your home. These reminders of nature<br />

also offer positive health effects, says Beil.<br />

Photo: adobestock.com

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QMCT oil and coconut oil<br />

seem alike in my mind. I’m<br />

not sure how they differ and<br />

which one to use. Do they<br />

have the same benefits, and can they be<br />

used interchangeably?<br />

No, definitely not. While both can be<br />

therapeutic for certain conditions,<br />

there are key differences between<br />

MCT and coconuts oils, and each has<br />

unique benefits and uses. It’s important<br />

to understand the pros and cons<br />

of each to determine which oil is more<br />

appropriate for you—or whether you<br />

want to use them both.<br />

Coconut oil is a historically used fat<br />

in many tropical areas of the world,<br />

and it has become popular among<br />

many health-oriented shoppers in<br />

recent years. It is considered the<br />

richest food source of medium-chain<br />

triglycerides (MCTs), also called<br />

38 • AUGUST <strong>2020</strong><br />

answers to your food questions<br />

MCT Oil vs. Coconut Oil:<br />

What’s the Difference?<br />

Both have therapeutic health effects, but they aren’t the same.<br />


medium-chain fatty acids, which are<br />

primarily capric, caprylic, and lauric<br />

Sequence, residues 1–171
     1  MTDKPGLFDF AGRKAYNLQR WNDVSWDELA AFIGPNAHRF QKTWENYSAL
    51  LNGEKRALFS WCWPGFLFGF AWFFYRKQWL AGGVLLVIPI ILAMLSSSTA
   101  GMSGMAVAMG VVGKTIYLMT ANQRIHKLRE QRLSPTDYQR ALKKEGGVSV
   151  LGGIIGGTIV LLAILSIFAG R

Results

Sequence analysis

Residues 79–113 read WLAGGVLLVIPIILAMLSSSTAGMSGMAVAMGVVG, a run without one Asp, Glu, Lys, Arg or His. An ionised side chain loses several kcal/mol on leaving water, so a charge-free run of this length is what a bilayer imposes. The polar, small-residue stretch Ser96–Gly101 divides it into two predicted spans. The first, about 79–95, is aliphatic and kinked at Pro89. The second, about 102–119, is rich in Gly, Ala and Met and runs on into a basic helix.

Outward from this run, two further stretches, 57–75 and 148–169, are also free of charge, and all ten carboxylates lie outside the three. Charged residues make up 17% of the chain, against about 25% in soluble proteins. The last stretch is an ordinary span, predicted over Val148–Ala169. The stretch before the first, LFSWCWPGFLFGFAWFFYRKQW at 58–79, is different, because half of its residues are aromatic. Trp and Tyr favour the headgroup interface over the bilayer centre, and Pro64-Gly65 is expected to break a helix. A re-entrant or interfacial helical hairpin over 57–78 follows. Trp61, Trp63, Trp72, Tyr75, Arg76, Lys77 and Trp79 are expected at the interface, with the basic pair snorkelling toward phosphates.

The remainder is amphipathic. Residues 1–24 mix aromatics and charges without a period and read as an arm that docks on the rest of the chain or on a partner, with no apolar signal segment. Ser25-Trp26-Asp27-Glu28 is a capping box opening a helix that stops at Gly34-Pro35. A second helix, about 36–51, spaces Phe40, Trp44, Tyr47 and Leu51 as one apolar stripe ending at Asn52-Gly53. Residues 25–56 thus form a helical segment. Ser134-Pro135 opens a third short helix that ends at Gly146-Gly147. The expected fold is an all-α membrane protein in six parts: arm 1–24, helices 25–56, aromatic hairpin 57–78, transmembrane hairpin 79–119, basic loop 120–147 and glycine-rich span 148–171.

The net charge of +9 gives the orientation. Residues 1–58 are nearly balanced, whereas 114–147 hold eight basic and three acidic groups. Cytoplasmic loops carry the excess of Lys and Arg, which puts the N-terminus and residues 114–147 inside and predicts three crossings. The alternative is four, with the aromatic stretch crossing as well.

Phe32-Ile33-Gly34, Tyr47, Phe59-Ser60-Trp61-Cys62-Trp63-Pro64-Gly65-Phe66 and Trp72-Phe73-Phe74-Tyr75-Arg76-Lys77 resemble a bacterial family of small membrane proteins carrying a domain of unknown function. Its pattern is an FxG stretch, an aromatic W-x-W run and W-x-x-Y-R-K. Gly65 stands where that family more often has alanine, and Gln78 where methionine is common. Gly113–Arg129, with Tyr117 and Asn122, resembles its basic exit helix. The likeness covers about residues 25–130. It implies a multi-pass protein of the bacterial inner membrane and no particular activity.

acids. It also contains some long-chain<br />

fatty acids, which aren’t as easy for<br />

the body to digest.<br />

The fact that coconut oil is listed as<br />

a rich source of MCTs should have an<br />

asterisk next to it, though. The highest<br />

percentage of fatty acids in coconut oil<br />

is from lauric acid. Even though lauric<br />

acid is considered a medium-chain<br />

fatty acid by chemists, it behaves<br />

more like a long-chain fatty acid in<br />

terms of digestion and absorption. For<br />

this reason, many experts suggest that<br />

coconut oil should not be considered<br />

an MCT-rich oil. Lauric acid has notable<br />

antimicrobial effects, but it doesn’t<br />

have the easy-to-digest characteristics<br />

of MCTs that encourage the body to<br />

burn fat and provide quick energy.<br />

MCTs, on the other hand, don’t<br />

require the enzymes or bile acids<br />

for digestion and absorption that<br />

long-chain fatty acids require.<br />

This allows MCTs to go straight to<br />

your liver where they are either used<br />

for immediate energy or turned into<br />

ketones, compounds produced when<br />

your liver breaks down a lot of fat.<br />

MCT oil contains 100 percent MCTs,<br />

compared with about 50 percent in<br />

coconut oil. MCT oil is made by refining<br />

coconut oil or palm oil to remove<br />

other compounds and to concentrate<br />

the MCTs naturally found in the oils.<br />

The Benefits and Uses of MCT Oil<br />

Research suggests that MCT oil may<br />

help boost weight loss, metabolic functioning,<br />

and energy production more<br />

than other oils. As mentioned, your<br />

Photo: adobestock.com

ody turns MCTs into alternative forms<br />

of energy called ketones, which provide<br />

your brain with energy, increase your<br />

metabolic rate, and burn excess fat. Mark<br />

Hyman, MD, author of Eat Fat, Get Thin,<br />

calls MCT oil “the secret fat that makes<br />

you thin.” He calls MCT oil a super fuel<br />

for your cells that increases mental clarity<br />

and boosts fat-burning.<br />

MCTs can increase the number of<br />

calories your body burns compared with<br />

longer-chain fatty acids‚ and replacing<br />